Climate Change And Our Food
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Food security in jeopardy as climate changes.

Climate change is affecting food security globally through rising temperatures, changing precipitation patterns and greater frequency of extreme weather events, according to a new U.N. report. And, the report says, the situation is likely to get worse.

“Food security will be increasingly affected by future climate change through yield declines—especially in the tropics—increased prices, reduced nutrient quality and supply chain disruptions,” says Priyadarshi Shukla of India, a member of a working group that prepared the special report entitled “Climate Change and Land,” published in August by the U.N. Intergovernmental Panel on Climate Change (IPCC) in Geneva.

“We will see different effects in different countries, but there will be more drastic impacts on low-income countries in Africa, Asia, Latin America and the Caribbean,” Shukla says.

The latest report follows last year’s National Climate Assessment—a scientific review mandated by the U.S. Congress to help the nation “understand, assess, predict and respond” to climate change—warning that climate impacts on U.S. agriculture are dire.

The U.S. Department of Agriculture estimates about 11 percent of U.S. households were food insecure in 2018 as a result of stagnant wages and other impediments to accessing healthy food. The USDA defines food security as “the ability to obtain and use sufficient amounts of safe and nutritious food.”

The new U.N. report says the impacts of climate change—including declining productivity, price shocks from extreme weather, and effects on food processing, storage and transportation—could lead to even lower levels of food security in the United States and worldwide.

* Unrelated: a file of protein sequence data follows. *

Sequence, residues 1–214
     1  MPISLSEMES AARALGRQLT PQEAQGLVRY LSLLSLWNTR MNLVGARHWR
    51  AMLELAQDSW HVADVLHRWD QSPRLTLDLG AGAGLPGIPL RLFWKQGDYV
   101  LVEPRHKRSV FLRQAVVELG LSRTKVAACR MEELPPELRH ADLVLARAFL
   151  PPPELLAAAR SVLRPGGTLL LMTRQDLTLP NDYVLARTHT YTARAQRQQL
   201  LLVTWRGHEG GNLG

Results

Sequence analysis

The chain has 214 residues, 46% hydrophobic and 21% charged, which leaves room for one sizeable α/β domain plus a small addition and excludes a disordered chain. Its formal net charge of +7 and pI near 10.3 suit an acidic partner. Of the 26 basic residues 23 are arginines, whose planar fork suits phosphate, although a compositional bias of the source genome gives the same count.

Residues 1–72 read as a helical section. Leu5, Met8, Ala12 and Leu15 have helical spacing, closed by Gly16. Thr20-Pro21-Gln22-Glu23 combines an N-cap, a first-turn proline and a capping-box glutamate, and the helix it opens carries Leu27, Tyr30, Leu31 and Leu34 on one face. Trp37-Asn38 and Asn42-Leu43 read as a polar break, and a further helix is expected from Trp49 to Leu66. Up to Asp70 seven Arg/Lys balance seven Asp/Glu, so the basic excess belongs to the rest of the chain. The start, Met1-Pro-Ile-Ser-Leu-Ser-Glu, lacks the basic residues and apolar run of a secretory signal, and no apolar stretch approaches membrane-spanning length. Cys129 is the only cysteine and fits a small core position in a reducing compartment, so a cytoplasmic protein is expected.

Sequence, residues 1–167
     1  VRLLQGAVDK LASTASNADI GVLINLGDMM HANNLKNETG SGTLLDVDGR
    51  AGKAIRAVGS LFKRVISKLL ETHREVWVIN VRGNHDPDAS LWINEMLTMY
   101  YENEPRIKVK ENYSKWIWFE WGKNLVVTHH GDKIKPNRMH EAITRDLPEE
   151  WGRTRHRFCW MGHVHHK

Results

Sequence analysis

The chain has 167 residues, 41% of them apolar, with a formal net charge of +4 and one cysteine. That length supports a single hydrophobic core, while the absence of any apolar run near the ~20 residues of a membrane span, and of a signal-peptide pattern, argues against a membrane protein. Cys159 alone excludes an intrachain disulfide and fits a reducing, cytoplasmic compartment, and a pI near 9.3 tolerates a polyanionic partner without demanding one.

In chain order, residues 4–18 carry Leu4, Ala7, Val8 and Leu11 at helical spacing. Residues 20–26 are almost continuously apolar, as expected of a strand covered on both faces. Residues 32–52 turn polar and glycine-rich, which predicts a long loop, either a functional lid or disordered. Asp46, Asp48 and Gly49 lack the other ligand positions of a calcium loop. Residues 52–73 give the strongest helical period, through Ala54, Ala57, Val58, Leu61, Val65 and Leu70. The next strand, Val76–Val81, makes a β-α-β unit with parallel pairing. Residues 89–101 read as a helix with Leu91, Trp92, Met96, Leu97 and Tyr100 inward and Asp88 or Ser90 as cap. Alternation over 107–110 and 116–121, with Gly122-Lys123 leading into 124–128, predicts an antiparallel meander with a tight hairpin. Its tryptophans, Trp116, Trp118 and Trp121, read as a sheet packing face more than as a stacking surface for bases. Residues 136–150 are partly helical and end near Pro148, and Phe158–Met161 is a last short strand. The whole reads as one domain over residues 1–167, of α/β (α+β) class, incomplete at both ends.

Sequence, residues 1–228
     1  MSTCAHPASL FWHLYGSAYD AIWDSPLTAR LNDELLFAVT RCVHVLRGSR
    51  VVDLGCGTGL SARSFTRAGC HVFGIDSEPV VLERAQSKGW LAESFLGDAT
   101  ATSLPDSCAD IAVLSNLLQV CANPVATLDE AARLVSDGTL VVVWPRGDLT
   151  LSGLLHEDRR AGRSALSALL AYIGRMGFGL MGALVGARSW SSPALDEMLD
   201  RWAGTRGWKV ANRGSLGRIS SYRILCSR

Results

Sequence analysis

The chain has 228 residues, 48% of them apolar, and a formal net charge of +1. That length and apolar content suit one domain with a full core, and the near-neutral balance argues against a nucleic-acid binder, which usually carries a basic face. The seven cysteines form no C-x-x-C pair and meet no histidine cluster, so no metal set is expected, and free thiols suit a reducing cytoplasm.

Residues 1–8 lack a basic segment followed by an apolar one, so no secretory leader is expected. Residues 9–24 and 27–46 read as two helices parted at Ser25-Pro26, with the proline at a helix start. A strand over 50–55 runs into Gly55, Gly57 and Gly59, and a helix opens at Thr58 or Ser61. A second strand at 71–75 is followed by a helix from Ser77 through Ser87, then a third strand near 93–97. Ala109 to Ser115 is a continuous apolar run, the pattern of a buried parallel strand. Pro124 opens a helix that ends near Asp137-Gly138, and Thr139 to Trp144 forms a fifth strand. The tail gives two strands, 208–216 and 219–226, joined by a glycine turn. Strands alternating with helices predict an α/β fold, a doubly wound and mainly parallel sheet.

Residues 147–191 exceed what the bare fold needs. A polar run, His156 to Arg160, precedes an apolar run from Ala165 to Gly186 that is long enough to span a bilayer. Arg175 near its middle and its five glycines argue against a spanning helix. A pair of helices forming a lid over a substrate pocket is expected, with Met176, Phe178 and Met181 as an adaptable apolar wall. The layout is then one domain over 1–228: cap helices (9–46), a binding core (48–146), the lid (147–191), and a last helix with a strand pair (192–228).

The report highlights that climate change is affecting all four pillars of food security: availability, access, utilization and stability. Yet, the U.N. also says there are ways to reduce vulnerabilities, including adopting dietary changes and ensuring a variety of crops to prevent further land degradation and increase resilience to extreme weather.

“Balanced diets featuring plant-based foods, such as coarse grains, legumes, fruits and vegetables, and animal-sourced food produced sustainably in low greenhouse gas emission systems, present major opportunities for adaptation to and limiting climate change,” says Debra Roberts of South Africa, who also participated in an IPCC working group.

The U.N. report estimates that about one-third of food produced is lost or wasted. Pope Francis includes this estimate in his encyclical Laudato Si’ and calls on us to remember that “whenever food is thrown out, it is as if it were stolen from the table of the poor.”

Faith in action:
• Read and share Chapter 5: Food Security of the UN IPCC report “Climate Change and Land.”
• Explore the key findings of the Fourth National Climate Assessment, in particular Chapter 10: Agriculture and Rural Communities
• Make a commitment to fasting once a month to raise awareness about food insecurity and pray and act for those in need. On the day of fasting, limit meal choices to climate-friendly, plant-based foods and limit spending to the amount allotted per day in the USDA Thrifty Food Plan for a family of your size.

The Maryknoll Office for Global Concerns, based in Washington, D.C., is a resource for Maryknoll on matters of peace, social justice and integrity of creation, and brings Maryknoll’s mission experience into U.S. policy discussions. Phone (202) 832-1780, visit or email

Featured Image: A farmer harvests wheat in Marquion, France. Both the United Nations and the U.S. Department of Agriculture warn that climate change threatens global food security. (CNS/P. Rossignolt, Reuters)


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About the author

Susan Gunn

Susan Gunn is director of the Maryknoll Office for Global Concerns.